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Growth and decline

Brief by Central Staff

Population – August 2008 – Colorado Central Magazine

Population growth and decline

Every year, the U.S. Census Bureau issues population estimates in July. This time around, Central Colorado generally showed growth, while much of the San Luis Valley lost population.

Costilla County, for instance, dropped 9.79%, from 3,668 people on July 1, 2000, to 3,309 on July 1, 2008. Also declining were Rio Grande County, a 6.46% drop with 11,627 residents this year, and Conejos County, which was down by 3.87% to 8,074 residents in 2008.

Most of the other counties losing population (like Cheyenne, Kiowa, Sedgwick, and Baca) were out on the High Plains, although two mountain counties — Clear Creek and Jackson — also lost population.

The fastest-growing county in the state was Douglas (its seat is Castle Rock), which sits between Colorado Springs and Denver. It has gained 91,817 residents since 2000, for a growth rate of 50.82%. The growth leader in the mountains was Archuleta County (Pagosa Springs), at 25.21%, going from 10,041 in 2000 to 12,572 this year.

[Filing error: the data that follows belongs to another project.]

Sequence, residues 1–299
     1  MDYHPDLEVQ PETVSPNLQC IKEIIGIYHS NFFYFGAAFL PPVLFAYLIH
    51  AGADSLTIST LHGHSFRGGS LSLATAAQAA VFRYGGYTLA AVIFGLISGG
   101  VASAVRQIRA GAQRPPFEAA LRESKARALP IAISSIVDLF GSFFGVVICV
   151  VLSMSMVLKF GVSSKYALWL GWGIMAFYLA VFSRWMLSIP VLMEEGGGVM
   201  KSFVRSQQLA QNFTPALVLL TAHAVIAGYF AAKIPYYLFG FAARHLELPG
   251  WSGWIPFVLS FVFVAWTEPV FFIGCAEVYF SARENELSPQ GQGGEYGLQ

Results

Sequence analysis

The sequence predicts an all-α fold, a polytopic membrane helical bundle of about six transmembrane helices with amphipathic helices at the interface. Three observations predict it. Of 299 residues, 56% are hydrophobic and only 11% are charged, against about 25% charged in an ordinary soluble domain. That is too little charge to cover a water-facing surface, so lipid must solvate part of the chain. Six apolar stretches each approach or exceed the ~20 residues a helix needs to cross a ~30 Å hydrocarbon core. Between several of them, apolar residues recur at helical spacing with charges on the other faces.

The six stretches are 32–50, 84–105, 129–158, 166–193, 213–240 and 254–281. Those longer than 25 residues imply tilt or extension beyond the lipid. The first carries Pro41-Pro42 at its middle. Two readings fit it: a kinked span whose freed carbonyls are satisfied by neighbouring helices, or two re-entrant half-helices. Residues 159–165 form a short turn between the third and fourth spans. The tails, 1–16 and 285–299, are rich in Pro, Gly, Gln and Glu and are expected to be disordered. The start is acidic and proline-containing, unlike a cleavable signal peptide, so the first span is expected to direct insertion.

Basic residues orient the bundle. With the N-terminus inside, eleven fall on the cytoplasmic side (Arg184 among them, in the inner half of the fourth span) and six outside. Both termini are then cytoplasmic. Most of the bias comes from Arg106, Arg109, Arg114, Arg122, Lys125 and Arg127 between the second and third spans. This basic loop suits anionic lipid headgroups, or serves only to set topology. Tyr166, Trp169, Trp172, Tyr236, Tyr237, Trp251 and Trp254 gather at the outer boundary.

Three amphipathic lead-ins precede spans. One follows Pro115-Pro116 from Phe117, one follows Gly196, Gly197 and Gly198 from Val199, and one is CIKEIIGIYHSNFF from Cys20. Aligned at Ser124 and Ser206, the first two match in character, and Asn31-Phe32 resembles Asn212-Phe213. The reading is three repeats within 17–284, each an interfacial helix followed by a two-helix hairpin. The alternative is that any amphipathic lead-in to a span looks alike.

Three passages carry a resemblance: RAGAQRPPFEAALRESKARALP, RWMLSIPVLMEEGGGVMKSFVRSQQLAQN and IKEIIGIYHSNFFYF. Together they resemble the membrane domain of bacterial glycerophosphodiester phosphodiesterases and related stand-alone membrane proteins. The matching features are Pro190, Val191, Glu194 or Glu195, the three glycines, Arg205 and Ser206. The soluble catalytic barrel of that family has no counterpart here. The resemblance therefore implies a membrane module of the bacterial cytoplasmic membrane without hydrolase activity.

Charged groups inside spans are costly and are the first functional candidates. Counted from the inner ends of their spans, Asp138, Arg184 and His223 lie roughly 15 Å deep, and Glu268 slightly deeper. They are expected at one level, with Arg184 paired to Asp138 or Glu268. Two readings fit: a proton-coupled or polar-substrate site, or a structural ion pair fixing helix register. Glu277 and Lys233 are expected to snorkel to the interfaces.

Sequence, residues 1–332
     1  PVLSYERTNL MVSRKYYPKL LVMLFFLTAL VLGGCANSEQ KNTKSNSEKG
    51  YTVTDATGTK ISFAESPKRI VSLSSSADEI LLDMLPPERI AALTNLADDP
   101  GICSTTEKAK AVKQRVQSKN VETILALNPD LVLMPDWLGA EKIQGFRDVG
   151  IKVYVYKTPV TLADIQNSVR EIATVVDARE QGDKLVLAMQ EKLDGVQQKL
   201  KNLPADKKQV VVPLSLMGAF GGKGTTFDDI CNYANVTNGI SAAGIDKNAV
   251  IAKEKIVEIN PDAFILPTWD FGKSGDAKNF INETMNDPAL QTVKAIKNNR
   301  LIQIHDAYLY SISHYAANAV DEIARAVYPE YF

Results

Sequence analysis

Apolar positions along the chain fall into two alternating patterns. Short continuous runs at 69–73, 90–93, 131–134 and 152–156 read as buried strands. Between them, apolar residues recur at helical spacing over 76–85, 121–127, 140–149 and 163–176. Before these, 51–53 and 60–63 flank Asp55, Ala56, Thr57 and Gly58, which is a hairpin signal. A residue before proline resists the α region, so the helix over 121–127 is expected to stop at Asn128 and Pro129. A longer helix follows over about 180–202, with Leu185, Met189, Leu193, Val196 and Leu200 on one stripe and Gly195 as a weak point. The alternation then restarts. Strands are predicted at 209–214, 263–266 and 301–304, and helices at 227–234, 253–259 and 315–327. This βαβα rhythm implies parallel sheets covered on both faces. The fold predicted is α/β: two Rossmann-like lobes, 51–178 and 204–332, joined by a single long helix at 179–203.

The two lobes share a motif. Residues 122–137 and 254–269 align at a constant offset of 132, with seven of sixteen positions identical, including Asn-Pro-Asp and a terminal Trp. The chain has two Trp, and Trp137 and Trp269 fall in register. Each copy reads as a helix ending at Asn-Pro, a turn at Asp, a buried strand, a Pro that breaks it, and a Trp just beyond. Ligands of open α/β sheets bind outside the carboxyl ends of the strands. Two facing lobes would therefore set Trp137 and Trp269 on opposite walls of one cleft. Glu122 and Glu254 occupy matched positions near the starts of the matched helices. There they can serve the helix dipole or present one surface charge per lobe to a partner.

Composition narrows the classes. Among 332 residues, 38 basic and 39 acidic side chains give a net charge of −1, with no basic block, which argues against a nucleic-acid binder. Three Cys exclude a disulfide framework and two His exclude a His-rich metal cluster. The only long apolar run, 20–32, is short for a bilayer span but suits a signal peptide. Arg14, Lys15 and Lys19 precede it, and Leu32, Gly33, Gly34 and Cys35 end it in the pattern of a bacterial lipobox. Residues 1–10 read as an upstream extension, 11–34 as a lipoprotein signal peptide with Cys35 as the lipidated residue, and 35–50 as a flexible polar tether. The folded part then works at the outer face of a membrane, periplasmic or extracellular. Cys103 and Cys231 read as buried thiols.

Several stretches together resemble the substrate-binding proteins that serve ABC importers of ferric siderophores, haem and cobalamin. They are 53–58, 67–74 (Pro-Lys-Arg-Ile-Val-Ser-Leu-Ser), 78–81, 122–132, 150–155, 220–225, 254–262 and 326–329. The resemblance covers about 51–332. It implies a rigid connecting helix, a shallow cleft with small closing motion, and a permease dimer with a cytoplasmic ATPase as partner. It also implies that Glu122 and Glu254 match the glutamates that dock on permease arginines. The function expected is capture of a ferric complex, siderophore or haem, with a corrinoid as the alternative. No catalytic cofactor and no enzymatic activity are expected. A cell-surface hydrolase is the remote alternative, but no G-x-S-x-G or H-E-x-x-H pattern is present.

As for other counties in our territory, it went like this:

Lake (Leadville): 2000 population 7,826; 2008 population 7,913; 1.11% growth.

Alamosa (Alamosa): 14,969; 15,313; 2.30%.

Frémont (Cañon City): 46,282; 47,389; 2.39%

Chaffee (Salida): 16,318; 16,781; 2.84%

Gunnison (Gunnison): 14,008; 14,973; 6.89%

Custer (Westcliffe): 3,514; 4,025; 14.54%

Park (Fairplay): 14,700; 17,004; 15.67%

Saguache (Saguache): 5,981; 6,920; 15.70%

One change from recent trends is that Custer is no longer the fastest-growing county hereabouts. Park’s growth rate is no real surprise, but a decade ago, who’d have thought that Saguache County would become the growth leader in our region?